Jargons And Their Meanings In The Custom Tailors World
Here are some Jargons of the Tailoring WorldCork - The Boss.
Doctor - Alteration tailor.
Kill - A spoiled job that has to be thrown away.
Kipper - A tailoress. So called because they sought work in pairs to avoid unwelcome advances.
Pig - An unclaimed garment.
Pigman - Person who buys pigs and pork usually at a minimal cost.
Pork - A misfit rejected by a customer, but which might be sold elsewhere.
Skiffle - A job needed in a hurry.
Tab - Fussy, difficult customer.
Trotter - Fetcher and carrier - messenger.
Tweed Merchant - Tailor who does the easy work- a poor workman.
Who are These Guys?
Finisher : The person (normally female) who sews the button holes, fells the lining and stitches the edges of the garment once it is complete. These are the last processes in finishing a jacket and do not usually take place until the customer and cutter are satisfied with the suit.
Alterations Tailor: Most tailoring firms operate piece-work (q.v.) payment systems with their tailors . Consequently a coatmaker’s work is finished sometime before the garment is actually ready for delivery to the customer. Apart from the finishing stage, it is usually the case that minor adjustments to the fit of the garment will be needed to achieve perfection. For these final touches the cutter will use an alteration tailor. Alteration tailors are highly skilled since they alter the work of other tailors. Because of this they are normally housed separately from their colleagues.
The Cutter : The person (usually male) who measures and fits the customer. The cutter makes a pattern from the measurements he takes and observations of the customers figuration and posture. The cloth is cut using the pattern. The pattern is altered after each fitting dependent on changes made to the garment. Once the suit is delivered the pattern should, in theory, be perfect.
Coatmaker : The tailor responsible for making the jacket. Each garment is made by different craftsmen. Thus trouser makers only tailor trousers. Specialist garments such as smoking jackets, overcoats and morning suits are also made by specialist craftsmen.
What do you mean???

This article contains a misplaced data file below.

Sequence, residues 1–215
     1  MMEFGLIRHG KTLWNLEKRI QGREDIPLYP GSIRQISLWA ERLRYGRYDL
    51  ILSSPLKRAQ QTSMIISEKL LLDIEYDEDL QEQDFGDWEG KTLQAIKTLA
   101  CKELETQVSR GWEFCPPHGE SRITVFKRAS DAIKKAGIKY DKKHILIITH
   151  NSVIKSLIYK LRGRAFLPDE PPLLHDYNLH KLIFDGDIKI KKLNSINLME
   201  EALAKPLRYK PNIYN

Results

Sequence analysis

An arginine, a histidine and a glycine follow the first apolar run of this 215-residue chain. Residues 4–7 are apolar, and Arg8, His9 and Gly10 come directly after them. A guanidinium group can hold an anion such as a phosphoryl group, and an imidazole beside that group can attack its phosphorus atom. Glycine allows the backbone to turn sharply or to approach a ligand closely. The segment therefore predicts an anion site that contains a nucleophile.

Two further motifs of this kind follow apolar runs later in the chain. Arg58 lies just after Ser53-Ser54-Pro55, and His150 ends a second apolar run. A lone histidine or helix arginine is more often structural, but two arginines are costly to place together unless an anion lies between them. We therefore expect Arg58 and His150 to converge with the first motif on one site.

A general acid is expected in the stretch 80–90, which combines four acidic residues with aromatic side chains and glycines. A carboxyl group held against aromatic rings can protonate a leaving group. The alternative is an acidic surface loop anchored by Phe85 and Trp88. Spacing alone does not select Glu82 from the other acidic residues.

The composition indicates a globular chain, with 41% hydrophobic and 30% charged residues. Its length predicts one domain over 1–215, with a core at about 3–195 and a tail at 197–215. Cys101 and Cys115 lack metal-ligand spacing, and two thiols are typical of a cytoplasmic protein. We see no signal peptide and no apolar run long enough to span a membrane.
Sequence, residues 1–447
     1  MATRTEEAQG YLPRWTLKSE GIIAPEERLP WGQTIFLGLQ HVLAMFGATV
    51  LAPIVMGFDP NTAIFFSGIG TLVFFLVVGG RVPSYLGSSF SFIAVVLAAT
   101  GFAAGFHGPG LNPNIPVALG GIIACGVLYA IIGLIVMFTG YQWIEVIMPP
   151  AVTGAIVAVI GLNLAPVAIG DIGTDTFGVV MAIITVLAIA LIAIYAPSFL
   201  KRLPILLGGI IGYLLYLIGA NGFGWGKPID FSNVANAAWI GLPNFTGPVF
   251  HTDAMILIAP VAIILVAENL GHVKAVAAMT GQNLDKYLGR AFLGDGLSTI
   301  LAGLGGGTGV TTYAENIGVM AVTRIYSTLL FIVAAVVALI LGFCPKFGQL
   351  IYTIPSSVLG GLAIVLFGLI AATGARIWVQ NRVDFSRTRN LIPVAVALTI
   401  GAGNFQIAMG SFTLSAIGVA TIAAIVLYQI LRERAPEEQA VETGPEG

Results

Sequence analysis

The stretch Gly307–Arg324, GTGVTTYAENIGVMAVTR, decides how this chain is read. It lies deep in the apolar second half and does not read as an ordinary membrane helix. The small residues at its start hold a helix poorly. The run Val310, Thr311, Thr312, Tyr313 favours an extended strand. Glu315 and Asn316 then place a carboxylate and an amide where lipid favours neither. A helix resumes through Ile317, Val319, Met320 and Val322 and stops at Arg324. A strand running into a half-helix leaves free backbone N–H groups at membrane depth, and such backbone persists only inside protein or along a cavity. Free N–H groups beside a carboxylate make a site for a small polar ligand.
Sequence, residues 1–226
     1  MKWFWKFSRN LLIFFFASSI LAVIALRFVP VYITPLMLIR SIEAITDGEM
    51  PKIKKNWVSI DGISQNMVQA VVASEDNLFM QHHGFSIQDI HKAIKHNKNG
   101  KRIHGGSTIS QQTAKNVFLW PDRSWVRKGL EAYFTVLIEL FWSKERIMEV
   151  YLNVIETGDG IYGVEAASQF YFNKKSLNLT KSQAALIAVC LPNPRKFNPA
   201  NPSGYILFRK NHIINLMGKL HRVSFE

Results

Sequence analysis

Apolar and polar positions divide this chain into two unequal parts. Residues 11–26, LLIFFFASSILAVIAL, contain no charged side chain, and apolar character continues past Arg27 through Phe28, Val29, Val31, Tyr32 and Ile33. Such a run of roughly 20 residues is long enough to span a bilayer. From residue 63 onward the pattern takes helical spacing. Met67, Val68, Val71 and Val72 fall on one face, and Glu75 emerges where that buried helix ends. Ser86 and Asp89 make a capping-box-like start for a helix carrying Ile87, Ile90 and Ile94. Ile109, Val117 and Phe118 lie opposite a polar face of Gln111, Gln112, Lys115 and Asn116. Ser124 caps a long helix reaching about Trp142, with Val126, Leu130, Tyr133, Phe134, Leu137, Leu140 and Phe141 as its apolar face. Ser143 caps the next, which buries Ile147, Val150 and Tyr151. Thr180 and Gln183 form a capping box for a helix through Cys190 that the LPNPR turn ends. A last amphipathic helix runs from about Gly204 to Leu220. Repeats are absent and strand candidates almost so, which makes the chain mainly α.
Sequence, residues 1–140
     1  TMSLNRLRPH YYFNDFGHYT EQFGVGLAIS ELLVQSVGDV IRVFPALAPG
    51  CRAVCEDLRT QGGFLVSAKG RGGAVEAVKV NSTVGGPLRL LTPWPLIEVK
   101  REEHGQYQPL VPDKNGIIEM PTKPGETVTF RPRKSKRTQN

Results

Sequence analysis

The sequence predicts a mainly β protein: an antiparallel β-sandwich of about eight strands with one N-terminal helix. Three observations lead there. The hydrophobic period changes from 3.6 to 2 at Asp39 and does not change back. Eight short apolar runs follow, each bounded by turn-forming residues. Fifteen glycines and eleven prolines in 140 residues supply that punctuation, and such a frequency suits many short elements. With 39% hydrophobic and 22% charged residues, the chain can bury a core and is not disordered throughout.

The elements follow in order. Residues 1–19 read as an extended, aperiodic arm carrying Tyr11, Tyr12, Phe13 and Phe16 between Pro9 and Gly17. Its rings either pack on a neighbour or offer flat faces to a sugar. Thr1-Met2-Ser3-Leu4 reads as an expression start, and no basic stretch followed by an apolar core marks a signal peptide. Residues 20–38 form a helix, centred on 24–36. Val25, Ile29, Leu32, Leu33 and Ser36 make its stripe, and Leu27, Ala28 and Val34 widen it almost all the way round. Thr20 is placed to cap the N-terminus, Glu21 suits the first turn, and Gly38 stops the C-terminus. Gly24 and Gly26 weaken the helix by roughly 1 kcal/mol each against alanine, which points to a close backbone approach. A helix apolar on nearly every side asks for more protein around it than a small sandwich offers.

Balance : Adjustment of back and front lengths of a jacket to harmonise with the posture of a particular figure. Balance is very difficult to achieve in ready to wear clothing. Poor balance is often reflected in the jacket collar standing off the customers neck.Baste : Garment loosely assembled for first fitting.Bespoke : Made to a customers specific requirements. Nowadays also taken to mean made by hand.Canvases : The inner materials used in the garment to give it shape. Much of the coat makers work goes into shaping the canvases so that the coat becomes three dimensional reflecting the customers figure. Canvases include linen, horse hair, hemps, jutes, meltons and many more. The weight of cloth from which the jacket is being made determines the particular canvases to be used.Floating : A misnomer used by the ready to wear industry to imply a certain Canvas quality of make in their jacket construction. The chest canvas in a Savile Row suit is an integral part of the coats construction attached at certain strategic points to ensure the front of the garment is unmarked. In a ready to wear garment a floating canvas is likely to be affixed firmly to the collar and glued in other places (see "fusing").Fusing : Use of chemicals and heat to weld the interlinings (including canvas) to the outer fabric, as distinct from stitching. Fusing cloth helps the appearance of the garment to look clean (i.e. flat) and is particularly popular with light weight fabrics which are difficult to sew. It is however difficult to impart shape using fusing and many fusible materials tend to perish during cleaning and with constant usage. Fusing is regarded as something of a cheats charter by traditional tailors since superficially a garment can be made to appear well made with little actual craft used in its manufacture. A useful analogy would be a building without foundation. Nevertheless, these days fusing material quality has improved exponentially such that even top ready to wear garment manufacturers use this method in the coats and suits.Gorge : The point where the collar is attached to the lapel forming the Notch (either Double Breasted or single Breasted). Savile Row suits tend to have a high gorge, Italian designer suits low.Made To Measure : Garment adjusted to a customers measurement from a standard Measure block, usually by machine. A very limited number of adjustments can be incorporated into made to measure suits. (i.e. to sleeve length, chest, and trouser length). Savile Row suits are not made to measure. A Savile Row tailor will take up to 30 different measurement, plus notes of figuration and posture, and starts from a blank sheet of paper.Piece Work : Most of the tailors in Savile Row are self employed and are paid a fixed rate per garment according to their skill, the quality of the work, and the difficulty and time involved in making the garment. The monetary rate for a particular tailor is known as the Piece-rate.Puckering : The tendency of cloth to gather in runs, often apparent on the lapel or trouser seams. In hand made garments this can result from too much tension applied in the thread when sewing. It is more common in fused apparel and results from different levels of shrinking in the fused material and the cloth or distress in the fused material.Scye : The armhole: from arm’s eye. A tailor will take several measurements to divine the scye. A correct fit of the scye will hold the collar and shoulder of a jacket in place when a customer is seated ensuring that the back of the jacket does not rise. Many people trying a Bespoke suit for the first time feel the jacket is tight around he arm hole for this reason.Sleeve Pitch : The angle at which the sleeve is pitched to the sleeve head. In a Bespoke suit the sleeve should be pitched to match the angle at which the arm hangs naturally from the shoulder.Trimmings : Canvases, interlinings, silk threads, linings, buttons, hooks, felts and meltons. The raw materials that in addition to cloth make up the suit.